On January 28, 2016 I left Danbury FPC and flew to SW Florida unaccompanied to check myself in to the halfway house In Fort Myers, FL. This day was almost as scary as January 6, 2016 when I self-surrendered for mail and wire fraud for using my employers bank account as my own personal bill paying account and shopping on the company credit card. First off, let me just say that walking out of a Federal Prison Camp after 15 months was extremely nerve wracking. I got in a van that my husband had hired to take me to LaGuardia. Remember, I had been incarcerated for 15 months with 200 of my closest friends and now I’m in a van “free” to fly to Florida. The entire time I was in line at TSA I truly thought I would pass out, my fear was the TSA Agent would say I couldn’t fly because I was a felon who had just literally gotten out, or that some Security Guard would walk up and say “just kidding” you aren’t flying anywhere and we are taking you back to camp for “escaping”. As silly as these fears were, they felt so very real and overwhelming.
The Salvation Army halfway house I was in for 5 weeks truly wasn’t bad. I had 2 women in my dorm with our own private bathroom and shower, however, I was the only white collar there among all the residents and they could not relate to my “crime” or my sentence as they had both been down for 10-12 years and saw actual cells, bars and fences.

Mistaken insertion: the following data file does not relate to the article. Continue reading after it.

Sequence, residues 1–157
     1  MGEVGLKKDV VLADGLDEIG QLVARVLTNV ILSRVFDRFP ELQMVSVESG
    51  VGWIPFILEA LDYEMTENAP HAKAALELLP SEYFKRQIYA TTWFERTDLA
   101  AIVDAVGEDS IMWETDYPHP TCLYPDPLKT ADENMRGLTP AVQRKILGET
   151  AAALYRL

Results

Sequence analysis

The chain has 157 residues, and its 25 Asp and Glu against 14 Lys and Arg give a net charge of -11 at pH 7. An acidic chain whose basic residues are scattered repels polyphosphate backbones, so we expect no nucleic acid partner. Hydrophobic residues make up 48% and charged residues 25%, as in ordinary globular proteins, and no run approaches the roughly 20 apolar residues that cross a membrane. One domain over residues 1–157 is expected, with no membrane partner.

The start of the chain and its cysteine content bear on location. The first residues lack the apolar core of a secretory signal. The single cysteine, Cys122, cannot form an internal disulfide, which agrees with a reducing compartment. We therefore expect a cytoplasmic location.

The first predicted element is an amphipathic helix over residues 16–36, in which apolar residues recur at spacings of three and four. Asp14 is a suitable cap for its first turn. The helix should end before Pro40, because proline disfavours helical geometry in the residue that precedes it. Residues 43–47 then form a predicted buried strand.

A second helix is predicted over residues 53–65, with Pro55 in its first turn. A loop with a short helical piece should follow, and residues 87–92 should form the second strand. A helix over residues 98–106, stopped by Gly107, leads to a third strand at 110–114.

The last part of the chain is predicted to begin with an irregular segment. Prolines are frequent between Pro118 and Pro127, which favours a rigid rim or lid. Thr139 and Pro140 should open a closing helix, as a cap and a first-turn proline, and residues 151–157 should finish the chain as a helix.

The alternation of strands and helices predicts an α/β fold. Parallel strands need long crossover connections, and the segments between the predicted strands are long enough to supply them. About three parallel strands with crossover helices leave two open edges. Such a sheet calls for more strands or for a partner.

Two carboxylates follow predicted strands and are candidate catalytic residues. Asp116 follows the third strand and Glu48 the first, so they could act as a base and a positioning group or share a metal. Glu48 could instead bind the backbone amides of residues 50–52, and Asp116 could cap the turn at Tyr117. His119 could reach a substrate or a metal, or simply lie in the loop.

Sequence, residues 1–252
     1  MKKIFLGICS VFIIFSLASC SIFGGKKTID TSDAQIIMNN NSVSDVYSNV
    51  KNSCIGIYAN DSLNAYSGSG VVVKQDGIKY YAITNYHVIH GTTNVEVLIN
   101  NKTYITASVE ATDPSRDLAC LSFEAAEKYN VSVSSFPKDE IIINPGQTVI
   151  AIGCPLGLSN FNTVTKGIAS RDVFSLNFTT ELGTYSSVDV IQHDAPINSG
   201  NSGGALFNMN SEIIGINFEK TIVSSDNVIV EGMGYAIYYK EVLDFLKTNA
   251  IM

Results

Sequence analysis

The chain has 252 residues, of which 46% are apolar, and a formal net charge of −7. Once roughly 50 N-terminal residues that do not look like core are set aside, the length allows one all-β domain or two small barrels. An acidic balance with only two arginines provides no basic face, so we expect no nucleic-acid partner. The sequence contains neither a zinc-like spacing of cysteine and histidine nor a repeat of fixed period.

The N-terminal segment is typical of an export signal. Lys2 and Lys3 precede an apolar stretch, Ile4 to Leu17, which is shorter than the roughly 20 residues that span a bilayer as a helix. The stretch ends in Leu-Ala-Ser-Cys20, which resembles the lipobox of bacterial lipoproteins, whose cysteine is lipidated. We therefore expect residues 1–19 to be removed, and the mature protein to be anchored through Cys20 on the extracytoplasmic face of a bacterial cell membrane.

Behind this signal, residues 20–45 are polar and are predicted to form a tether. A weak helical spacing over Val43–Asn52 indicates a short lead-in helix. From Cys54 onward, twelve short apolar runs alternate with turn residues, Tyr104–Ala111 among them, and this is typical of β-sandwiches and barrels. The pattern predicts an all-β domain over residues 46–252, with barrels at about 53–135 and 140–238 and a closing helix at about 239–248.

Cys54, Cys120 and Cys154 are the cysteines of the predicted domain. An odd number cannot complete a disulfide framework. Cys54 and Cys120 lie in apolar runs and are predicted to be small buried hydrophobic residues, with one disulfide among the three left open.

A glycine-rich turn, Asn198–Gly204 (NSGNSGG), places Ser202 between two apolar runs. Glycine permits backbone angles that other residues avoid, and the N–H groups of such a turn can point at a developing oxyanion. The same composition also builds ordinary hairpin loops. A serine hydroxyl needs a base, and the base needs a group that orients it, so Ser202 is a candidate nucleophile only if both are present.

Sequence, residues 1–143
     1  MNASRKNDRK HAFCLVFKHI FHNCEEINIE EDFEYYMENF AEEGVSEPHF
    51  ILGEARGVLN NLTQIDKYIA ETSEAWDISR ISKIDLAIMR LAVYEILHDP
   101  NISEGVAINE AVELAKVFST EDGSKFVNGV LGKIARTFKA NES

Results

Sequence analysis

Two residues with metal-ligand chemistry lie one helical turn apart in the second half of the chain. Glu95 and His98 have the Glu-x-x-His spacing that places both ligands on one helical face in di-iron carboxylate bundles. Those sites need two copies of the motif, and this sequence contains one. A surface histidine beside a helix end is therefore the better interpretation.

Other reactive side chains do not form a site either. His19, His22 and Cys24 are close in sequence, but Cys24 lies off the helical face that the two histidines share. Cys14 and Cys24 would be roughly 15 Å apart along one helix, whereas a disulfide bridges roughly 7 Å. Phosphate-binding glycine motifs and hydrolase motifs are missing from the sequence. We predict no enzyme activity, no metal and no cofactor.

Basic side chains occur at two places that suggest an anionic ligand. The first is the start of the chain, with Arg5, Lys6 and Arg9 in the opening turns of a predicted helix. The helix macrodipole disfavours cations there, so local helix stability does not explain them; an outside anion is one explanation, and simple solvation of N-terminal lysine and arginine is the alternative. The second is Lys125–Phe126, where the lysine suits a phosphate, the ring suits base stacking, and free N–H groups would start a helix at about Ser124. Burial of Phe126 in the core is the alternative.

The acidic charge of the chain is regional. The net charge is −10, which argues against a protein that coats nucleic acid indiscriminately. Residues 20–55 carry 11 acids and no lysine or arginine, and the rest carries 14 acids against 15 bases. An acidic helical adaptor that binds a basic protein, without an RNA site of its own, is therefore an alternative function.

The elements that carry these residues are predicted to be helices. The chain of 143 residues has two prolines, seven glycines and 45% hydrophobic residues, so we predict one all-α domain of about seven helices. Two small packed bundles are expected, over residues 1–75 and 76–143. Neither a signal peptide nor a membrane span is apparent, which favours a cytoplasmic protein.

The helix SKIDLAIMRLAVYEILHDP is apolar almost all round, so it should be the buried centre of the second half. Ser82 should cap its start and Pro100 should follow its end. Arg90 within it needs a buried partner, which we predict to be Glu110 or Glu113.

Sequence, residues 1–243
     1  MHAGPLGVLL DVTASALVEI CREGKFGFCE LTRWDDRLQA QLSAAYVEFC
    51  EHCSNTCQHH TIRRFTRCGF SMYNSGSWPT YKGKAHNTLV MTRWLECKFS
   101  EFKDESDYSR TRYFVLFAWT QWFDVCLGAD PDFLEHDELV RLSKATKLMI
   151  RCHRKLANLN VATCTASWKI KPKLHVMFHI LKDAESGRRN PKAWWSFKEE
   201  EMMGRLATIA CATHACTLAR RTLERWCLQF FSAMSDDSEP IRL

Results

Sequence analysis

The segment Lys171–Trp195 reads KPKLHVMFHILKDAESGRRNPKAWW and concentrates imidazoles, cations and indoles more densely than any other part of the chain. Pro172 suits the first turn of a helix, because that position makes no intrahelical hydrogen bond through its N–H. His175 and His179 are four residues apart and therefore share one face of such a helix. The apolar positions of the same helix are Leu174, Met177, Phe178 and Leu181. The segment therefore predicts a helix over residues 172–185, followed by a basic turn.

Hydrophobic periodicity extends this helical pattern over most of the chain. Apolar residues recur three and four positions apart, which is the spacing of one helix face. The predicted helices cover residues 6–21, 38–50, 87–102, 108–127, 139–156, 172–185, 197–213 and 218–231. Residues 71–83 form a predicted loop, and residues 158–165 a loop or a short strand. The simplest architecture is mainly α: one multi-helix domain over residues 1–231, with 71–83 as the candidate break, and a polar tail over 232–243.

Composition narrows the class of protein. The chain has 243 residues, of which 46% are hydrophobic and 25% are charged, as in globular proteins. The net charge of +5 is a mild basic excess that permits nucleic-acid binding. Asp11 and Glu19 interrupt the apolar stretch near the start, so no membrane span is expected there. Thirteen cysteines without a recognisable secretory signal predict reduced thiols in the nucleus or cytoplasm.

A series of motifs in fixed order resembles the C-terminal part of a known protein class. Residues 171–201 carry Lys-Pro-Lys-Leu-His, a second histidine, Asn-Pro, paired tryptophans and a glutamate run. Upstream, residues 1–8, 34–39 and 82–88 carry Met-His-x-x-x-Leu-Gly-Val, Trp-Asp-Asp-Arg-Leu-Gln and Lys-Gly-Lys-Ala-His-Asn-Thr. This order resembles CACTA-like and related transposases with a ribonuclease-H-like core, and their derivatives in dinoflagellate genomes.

March 3, 2016 when I was released on home confinement. I had an ankle bracelet the size of a walkie talkie, got calls several times a day and anytime in the night, had to go to the halfway house when called within an hour to pee in a cup or do a breathalyzer. This wouldn’t have been a big issue if I’d been allowed to drive, but I was not yet. This went on until April 25th when I started my 3 years’ probation. I had heard all kinds of horror stories about being on probation, but it really wasn’t that tough. I had to ask permission to travel but it was always granted, and my PO only came to my house the first day I started. During my time at camp I met some amazing women who will forever be my family and my confidants as they TRULY know what this is like. BUT you are not allowed any contact with “other felons” while on probation. This, in my opinion, sets us up to fail as the only support network we have, we are not allowed to talk to. Yes, I have my amazing husband and family but they either do not want to talk about it and do not understand how alone and isolated you feel. (trust me, we all talked to each other anyway or we would never have survived).
Fast forward to April 25, 2019, Probation is over, and I can come and go as I please. But what does this really mean? It’s a surreal feeling as yes, I am free, but in the same instance, I’m not. I will forever be a “convicted felon” and whenever I apply for housing, employment and such people will see the mistakes I made in my past and immediately judge me on that and not the person I am now.
So, what is freedom? Will I truly ever be free? For me, it’s a question that deeply troubles me. I am “off paper” and free to do as I please, but I will l NEVER truly be free, free of the stigmatism that comes with being a felon, the guilt of letting so many people you love and counted on you down, even though we all say we’ve forgiven ourselves for our mistakes, I don’t think we ever really do.
~ Jayne Concialdi Inmate # 09906-082